UNITED STATES DISTRICT COURT NORTHERN DISTRICT OF NEW YORK
February 8, 2011
THE NEWSPAPER GUILD/CWA OF ALBANY, TNG/CWA, AFL-CIO-CLC,GLS\DRH PLAINTIFF,
HEARST CORPORATION, D/B/A CAPITAL NEWSPAPER DIVISION, THE HEARST CORPORATION, DEFENDANT.
The opinion of the court was delivered by: Gary L. Sharpe District Court Judge
MEMORANDUM-DECISION AND ORDER
Plaintiff The Newspaper Guild/CWA of Albany, AFL-CIO-CLC, commenced this action against defendant The Hearst Corporation, doing business as The Capital Newspaper Division, The Hearst Corporation, seeking to compel arbitration under a collective bargaining agreement. (See Compl., Dkt. No. 1:2.) On June 11, 2010, this court denied Hearst's motion for summary judgment, granted the Guild's motion for summary judgment, and ordered the parties to submit the matter to arbitration. (Dkt. No. 31.) Pending is Hearst's motion to stay enforcement of that order pending appeal to the Second Circuit Court of Appeals.*fn1 (Dkt. No. 35.) For the reasons that follow, Hearst's motion is denied.
In deciding whether to grant a stay pending appeal, the court must consider four factors:
(1) whether the stay applicant has made a strong showing that [it] is likely to succeed on the merits; (2) whether the applicant will be irreparably harmed absent a stay; (3) whether issuance of the stay will substantially injure the other parties interested in the proceeding; and (4) where the public interest lies.
Hilton v. Braunskill, 481 U.S. 770, 776 (1987) (citations omitted); see, e.g., Cayuga Indian Nation of N.Y. v. Pataki, 188 F. Supp. 2d 223, 251 (N.D.N.Y. 2002). These factors are to be applied flexibly rather than mechanically, mindful of the particular facts and equities of the case. See Morgan Guar. Trust Co. of N.Y. v. Republic of Palau, 702 F. Supp. 60, 65 (S.D.N.Y. 1988). Accordingly, "[t]he probability of success that must be demonstrated is inversely proportional to the amount of irreparable injury [the appellant] will suffer absent the stay ... [such that] more of one excuses less of the other." Mohammed v. Reno, 309 F.3d 95, 101 (2d Cir. 2002) (internal quotation marks and citations omitted).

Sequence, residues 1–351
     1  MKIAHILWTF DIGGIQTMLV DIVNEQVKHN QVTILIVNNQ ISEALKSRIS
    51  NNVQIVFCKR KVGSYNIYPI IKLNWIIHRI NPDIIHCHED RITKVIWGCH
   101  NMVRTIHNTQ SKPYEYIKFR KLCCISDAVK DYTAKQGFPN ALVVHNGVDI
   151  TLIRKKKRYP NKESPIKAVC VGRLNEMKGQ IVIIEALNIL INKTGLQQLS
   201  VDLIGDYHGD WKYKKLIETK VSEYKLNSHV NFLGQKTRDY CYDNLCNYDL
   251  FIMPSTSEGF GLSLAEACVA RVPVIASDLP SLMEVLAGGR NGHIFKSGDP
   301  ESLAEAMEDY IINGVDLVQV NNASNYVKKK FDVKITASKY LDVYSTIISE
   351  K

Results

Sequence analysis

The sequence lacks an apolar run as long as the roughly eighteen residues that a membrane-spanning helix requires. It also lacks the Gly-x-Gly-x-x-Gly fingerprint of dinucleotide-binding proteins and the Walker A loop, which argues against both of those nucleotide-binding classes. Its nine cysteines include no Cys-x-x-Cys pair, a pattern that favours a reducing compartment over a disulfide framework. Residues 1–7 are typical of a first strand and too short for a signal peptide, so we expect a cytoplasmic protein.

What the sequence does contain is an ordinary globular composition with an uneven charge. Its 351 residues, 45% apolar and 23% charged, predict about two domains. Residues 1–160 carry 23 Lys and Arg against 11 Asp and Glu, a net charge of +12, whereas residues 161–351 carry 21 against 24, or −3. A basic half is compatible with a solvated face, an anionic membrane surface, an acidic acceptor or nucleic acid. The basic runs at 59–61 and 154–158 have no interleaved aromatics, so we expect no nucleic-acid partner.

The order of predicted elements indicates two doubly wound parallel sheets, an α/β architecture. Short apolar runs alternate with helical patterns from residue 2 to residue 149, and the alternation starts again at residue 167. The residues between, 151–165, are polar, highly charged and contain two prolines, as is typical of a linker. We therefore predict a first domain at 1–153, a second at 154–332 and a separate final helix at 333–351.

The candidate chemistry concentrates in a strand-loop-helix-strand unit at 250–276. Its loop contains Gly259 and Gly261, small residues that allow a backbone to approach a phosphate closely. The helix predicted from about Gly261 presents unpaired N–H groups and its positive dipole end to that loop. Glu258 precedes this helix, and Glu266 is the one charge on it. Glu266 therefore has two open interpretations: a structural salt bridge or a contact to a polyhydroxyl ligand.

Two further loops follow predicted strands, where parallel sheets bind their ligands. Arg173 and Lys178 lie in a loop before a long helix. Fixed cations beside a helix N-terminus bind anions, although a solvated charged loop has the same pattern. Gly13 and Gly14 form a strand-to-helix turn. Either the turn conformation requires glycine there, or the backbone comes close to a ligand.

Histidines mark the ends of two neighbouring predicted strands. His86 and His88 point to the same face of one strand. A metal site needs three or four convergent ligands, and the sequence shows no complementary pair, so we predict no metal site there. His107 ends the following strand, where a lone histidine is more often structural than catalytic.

Here, Hearst has failed to demonstrate sufficient grounds for a stay. First, as to the question of arbitrability, the court has already found that resolution of that question favors the Guild's position that the dues checkoff issue should be submitted to arbitration. (See generally June 11, 2010 Order, Dkt. No. 31.) Moreover, since the court's holding was largely based on the nature of the Collective Bargaining Agreement's arbitration clause, the dues checkoff clause, and the unique factual circumstances, it is of little moment that the issues presented on appeal may technically be of "first impression." (See Def. Mot. at 5, Dkt. No. 35.) Second, the court is disinclined to find that Hearst will be irreparably harmed without a stay. Rather, Hearst retains its rights to object to arbitrability in the arbitration proceeding and to dispute arbitrability during the enforcement proceeding. And depending on the outcome of the arbitration, Hearst may either seek to enforce or annul the arbitration decision. See Camping Constr. Co. v. Dist. Council of Iron Workers, 915 F.2d 1333, 1349 (9th Cir. 1990) ("[T]he party objecting to arbitration might well suffer no harm at all ... for the arbitration panel might decide in its favor."). Insofar as Hearst's irreparable harm allegation is premised on either delay or the incurrence of arbitration expenses, such concerns cannot constitute irreparable injury.*fn3 See id.; see also FTC v. Standard Oil Co. of Cal., 449 U.S. 232, 244 (1980); AT&T Broadband, LLC v. Int'l Bhd. of Elec. Workers, 317 F.3d 758, 762 (7th Cir. 2003). Third, although it is unlikely that the issuance of a stay will substantially injure the Guild, the court does appreciate the impact that delay has had and continues to have on the Guild regarding its receipt of dues checkoff revenues. (See Pl. Opp'n at 11-12, Dkt. No. 38.) Lastly, notwithstanding the cardinal doctrine of consent or the policy favoring arbitration, the court treats as neutral the fourth factor, the public interest.
Ultimately, because the Hilton factors weigh predominantly against granting a stay, the court denies Hearst's motion.
WHEREFORE, for the foregoing reasons, it is hereby ORDERED that Hearst's motion for leave to file a reply (Dkt. No. 39) is GRANTED; and it is further ORDERED that Hearst's motion to stay enforcement pending appeal (Dkt. No. 35) is DENIED; and it is further ORDERED that the Clerk provide a copy of this Memorandum-Decision and Order to the parties.
IT IS SO ORDERED.
Albany, New York